Do you keep running into cat vomit in your house? Does your cat seem to throw up whenever you aren’t paying them enough attention?
Cats do not vomit to get your attention; they only vomit when sick. Vomiting when you are around is probably coincidental.
Your cat may have issues related to a routine around her food. She may have stress, food sensitivities, or hairballs causing her to throw up.
If your cat is throwing up at odd times and in odd places, you may want to read on to find out more!
Is my cat throwing up for attention?
Your cat’s vomiting habits may make you question whether she is doing this for attention. Cats can be emotional and moody but do not vomit for attention. So, what could all her behaviors mean?
Scenario 1: My cat only throws up when I’m around
You may be noticing your cat throwing up every time you are around. Perhaps you’ve been extra busy lately, and it seems like she is vomiting for attention.
This is probably a coincidence. You may be feeling guilty for not spending as much time with her. Those feelings have you noticing your cat throwing up more when you are around.
Your cat may also be throwing up when you are around because she feels safe with you. She may be staying around you because she feels ill. She wants to be close to you for comfort.
You two have built routines together, as well. So, maybe she is getting sick after eating. If you are the one who feeds her, this could lead you to notice her vomiting more often.
Scenario 2: My cat throws up on my things.
If your cat is vomiting on your items and no one else’s, she isn’t trying to be spiteful. Cats often lie on their owner’s possessions to self-soothe.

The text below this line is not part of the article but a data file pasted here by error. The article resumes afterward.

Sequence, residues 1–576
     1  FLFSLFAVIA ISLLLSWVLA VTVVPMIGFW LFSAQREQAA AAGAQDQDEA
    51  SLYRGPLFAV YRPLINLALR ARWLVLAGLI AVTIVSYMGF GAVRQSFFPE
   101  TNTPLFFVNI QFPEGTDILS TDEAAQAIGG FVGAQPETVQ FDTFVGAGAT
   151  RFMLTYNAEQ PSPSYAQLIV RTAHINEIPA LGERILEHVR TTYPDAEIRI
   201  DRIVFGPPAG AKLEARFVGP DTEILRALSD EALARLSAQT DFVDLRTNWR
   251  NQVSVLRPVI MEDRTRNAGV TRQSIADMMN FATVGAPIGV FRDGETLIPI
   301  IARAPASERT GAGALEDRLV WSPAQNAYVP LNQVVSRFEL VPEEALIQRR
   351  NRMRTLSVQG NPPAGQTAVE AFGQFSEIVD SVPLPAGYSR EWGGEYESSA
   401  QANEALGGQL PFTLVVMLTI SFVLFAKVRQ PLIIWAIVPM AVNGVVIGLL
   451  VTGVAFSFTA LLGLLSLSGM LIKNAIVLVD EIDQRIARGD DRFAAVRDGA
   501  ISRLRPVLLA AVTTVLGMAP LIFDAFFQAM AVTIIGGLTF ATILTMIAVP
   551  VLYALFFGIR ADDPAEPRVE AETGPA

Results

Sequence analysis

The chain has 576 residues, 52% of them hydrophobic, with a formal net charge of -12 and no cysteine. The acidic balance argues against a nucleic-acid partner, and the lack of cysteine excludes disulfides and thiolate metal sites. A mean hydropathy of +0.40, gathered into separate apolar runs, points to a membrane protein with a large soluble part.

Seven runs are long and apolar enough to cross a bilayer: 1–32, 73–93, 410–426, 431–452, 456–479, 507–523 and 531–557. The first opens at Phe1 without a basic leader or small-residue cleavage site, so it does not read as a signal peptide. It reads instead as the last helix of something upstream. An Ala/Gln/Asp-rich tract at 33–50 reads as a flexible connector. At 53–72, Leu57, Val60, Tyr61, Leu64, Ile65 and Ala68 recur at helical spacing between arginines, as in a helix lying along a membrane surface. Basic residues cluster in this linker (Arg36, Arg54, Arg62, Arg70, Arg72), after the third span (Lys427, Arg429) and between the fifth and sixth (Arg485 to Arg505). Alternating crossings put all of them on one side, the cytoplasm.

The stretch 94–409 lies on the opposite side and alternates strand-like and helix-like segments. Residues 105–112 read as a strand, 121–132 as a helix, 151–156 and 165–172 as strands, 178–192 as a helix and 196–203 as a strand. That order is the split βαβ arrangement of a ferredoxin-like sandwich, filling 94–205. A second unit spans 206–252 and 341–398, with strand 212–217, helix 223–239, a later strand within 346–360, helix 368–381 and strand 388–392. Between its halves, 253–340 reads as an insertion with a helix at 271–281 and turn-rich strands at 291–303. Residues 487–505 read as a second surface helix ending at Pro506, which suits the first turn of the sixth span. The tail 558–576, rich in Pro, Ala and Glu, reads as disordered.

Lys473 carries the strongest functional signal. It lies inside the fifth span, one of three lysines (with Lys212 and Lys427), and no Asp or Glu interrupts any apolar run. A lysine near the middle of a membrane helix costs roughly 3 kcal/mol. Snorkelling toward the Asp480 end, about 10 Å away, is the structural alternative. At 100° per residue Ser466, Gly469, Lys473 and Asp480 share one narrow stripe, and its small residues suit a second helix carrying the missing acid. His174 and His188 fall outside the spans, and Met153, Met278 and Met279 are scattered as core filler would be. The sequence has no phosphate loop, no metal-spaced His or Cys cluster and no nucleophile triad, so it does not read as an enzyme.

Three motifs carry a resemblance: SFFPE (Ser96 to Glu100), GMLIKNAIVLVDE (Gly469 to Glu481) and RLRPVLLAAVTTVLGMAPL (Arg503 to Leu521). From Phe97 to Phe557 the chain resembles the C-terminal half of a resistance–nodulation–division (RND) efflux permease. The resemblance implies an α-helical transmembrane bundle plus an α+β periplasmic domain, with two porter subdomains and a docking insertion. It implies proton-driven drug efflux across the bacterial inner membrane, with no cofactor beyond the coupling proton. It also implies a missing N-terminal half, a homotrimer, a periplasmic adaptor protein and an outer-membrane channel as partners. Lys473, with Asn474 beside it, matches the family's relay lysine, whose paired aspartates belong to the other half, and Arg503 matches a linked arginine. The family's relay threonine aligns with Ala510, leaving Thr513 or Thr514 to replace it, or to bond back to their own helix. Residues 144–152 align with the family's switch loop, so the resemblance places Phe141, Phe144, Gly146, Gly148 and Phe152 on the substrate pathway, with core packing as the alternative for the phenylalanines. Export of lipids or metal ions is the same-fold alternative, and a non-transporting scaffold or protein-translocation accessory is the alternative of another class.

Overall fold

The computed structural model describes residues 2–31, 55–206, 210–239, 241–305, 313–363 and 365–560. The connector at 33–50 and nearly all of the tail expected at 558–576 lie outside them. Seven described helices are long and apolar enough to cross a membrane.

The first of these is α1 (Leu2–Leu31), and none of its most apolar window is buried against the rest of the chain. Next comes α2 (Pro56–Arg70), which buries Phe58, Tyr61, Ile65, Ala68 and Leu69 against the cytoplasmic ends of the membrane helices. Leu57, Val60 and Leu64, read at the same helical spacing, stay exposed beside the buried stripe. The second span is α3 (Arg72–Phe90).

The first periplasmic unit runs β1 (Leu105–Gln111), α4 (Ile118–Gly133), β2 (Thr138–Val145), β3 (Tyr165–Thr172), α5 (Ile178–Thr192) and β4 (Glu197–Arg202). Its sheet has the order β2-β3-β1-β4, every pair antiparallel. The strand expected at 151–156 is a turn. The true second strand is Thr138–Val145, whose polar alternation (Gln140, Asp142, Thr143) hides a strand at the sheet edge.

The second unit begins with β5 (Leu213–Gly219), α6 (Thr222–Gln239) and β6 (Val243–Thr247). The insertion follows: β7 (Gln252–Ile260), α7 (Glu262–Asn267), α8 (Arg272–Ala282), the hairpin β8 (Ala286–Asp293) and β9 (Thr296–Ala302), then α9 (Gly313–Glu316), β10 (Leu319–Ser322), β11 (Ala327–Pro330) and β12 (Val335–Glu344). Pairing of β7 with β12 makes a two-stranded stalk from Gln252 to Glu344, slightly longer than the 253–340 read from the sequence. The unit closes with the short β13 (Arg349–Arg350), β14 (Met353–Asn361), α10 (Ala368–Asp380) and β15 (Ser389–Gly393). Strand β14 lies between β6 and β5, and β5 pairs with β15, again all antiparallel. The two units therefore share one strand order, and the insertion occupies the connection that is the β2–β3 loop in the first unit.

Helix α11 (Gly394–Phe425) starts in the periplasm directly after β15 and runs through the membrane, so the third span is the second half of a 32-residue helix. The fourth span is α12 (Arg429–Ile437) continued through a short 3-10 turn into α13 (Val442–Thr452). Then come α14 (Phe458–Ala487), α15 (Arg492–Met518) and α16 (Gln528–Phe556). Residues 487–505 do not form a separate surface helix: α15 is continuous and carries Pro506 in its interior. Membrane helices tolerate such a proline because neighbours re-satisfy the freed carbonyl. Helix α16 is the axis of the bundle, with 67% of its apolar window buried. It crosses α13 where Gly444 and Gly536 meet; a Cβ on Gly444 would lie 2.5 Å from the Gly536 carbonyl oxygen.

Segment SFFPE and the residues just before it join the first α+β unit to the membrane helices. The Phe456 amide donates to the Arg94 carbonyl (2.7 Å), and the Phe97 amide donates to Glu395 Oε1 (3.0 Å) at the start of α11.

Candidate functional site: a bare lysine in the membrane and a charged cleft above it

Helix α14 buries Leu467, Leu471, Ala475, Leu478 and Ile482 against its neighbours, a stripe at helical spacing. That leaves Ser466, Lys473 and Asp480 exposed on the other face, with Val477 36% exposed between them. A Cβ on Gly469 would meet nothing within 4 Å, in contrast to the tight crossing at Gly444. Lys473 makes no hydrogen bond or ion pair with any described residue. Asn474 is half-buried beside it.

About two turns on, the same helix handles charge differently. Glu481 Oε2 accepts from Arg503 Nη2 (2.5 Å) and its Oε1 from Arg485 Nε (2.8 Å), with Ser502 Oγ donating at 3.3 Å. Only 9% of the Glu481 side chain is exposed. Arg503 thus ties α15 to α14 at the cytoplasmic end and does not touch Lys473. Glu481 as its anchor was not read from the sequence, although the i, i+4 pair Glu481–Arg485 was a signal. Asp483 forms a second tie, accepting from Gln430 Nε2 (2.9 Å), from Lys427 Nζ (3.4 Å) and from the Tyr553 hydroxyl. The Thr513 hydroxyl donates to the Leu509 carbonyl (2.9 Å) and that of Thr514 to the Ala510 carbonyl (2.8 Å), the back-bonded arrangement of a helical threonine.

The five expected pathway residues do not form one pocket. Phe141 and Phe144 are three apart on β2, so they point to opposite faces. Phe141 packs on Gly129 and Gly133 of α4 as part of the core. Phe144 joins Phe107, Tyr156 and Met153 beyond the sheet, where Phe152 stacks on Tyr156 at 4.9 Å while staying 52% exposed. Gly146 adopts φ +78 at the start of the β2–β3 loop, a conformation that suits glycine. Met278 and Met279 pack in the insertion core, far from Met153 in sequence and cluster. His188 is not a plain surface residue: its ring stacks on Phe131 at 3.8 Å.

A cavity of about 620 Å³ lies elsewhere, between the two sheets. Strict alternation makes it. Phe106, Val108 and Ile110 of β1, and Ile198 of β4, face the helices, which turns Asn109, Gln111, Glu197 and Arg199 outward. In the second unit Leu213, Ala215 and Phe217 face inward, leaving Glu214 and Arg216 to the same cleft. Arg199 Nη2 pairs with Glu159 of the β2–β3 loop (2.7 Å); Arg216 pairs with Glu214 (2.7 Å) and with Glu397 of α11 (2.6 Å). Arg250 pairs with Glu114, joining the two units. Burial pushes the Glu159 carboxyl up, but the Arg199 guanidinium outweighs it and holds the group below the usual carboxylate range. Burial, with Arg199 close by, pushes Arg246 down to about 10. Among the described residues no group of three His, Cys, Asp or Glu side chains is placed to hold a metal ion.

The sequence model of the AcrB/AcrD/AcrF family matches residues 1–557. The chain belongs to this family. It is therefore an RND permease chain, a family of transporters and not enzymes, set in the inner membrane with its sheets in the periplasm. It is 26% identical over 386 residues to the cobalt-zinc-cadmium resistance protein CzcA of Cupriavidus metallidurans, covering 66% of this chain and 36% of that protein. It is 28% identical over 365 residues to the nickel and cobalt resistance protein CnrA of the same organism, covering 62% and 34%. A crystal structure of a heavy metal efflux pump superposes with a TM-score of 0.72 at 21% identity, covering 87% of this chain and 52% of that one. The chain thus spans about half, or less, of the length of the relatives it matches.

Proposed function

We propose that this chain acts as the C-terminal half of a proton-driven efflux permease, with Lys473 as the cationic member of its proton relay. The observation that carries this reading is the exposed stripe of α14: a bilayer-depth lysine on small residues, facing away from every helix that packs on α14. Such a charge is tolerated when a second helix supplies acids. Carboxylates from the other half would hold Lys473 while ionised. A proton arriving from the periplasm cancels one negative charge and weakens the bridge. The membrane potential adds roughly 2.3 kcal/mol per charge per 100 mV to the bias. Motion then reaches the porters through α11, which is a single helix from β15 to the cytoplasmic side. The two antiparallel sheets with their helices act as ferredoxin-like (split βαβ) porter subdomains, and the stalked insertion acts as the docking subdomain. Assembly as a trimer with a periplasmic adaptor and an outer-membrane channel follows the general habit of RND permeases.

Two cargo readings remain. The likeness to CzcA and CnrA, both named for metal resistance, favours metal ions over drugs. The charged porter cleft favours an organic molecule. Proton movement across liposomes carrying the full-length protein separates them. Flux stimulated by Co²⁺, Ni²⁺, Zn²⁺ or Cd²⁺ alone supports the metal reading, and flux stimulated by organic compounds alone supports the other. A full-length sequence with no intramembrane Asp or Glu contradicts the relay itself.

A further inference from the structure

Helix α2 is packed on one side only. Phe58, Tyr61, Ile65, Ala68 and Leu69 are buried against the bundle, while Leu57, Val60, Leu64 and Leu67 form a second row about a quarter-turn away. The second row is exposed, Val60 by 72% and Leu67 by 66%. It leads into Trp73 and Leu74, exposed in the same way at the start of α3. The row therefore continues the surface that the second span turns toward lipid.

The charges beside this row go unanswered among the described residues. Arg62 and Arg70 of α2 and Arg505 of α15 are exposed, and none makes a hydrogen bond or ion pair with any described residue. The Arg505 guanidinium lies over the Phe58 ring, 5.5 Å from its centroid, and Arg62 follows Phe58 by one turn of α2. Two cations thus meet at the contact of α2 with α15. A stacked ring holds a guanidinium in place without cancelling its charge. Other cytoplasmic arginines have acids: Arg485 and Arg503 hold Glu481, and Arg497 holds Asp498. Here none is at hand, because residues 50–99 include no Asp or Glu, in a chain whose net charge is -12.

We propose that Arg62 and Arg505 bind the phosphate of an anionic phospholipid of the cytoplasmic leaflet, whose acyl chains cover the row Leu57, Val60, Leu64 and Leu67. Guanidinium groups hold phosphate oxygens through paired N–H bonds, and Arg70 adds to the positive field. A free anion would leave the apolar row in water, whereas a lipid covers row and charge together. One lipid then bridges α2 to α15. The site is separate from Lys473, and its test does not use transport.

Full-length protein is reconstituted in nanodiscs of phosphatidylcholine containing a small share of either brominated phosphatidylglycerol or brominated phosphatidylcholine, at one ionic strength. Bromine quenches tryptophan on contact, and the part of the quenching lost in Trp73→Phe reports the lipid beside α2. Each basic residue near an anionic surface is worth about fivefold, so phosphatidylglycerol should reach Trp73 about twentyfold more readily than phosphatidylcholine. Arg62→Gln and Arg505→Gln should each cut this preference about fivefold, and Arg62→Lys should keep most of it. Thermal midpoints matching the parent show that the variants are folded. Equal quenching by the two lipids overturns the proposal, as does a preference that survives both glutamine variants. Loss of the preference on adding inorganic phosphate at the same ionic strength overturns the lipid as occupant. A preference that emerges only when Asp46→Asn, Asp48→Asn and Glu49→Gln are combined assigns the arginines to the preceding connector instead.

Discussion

Suppose your cat is feeling unwell. She may lie on your stuff for comfort and then accidentally throws up on them.
It may seem intentional if your belongings are the only ones getting vomit on them. But your kitty doesn’t mean to mess up your stuff. She likes your scent and is using it to help her feel better.
Scenario 3: My cat only throws up when I’m not paying attention to her
If your cat is only throwing up when you are not paying attention to her, it can seem like she’s doing it for attention. However, this is probably coincidental.
If she is vomiting more frequently, it may seem like it happens when you are not paying her attention. The more often she vomits, the more likely you are to start noticing the vomit.
Also, if you’ve recently had lifestyle changes, these may cause your cat stress. Her vomiting could seem attention-related, but it may actually be stress-related.
How do you know your cat is not vomiting on purpose?
Cats only throw up when they are sick. They are intelligent animals. Cognitively, though, they are about the same emotional age as a two-and-a-half-year-old human. They don’t have the emotional reasoning to throw up for attention.
Your cat simply doesn’t feel well, and she wants to have your attention because she feels unwell. So, although she is not vomiting for your attention, she does need your attention if she feels sick.
What can cause a cat throw up? (4 reasons )
Reason 1: Stress
Cats can vomit due to stress. So, if you are paying less attention to your cat due to a major lifestyle change, this could affect your cat. Cats don’t always handle major changes to their environment and routines well.
She may feel like she doesn’t know what to expect. If there are new people or pets around, she may not trust them yet.
As with humans, stress affects animals’ bodies. She could be throwing up from a build-up of cortisol from stress.
Cats can become stressed for several reasons. Illness, moving houses, changes in cat food, new family members, rival cats, a dirty litter box, and boredom are all reasons cats get stressed.
If you are seeing other behavioral changes in your cat, such as excessive grooming or urinating outside the litter box, you may want to try to reduce your cat’s stress levels.
Reason 2: Food Sensitivities
Some cats develop sensitivities to ingredients in their cat food. They will begin to vomit almost immediately after eating, but sometimes it can take a few hours.
Cats can eat the same food for years, but as they age, they develop reactions to the ingredients inside the food.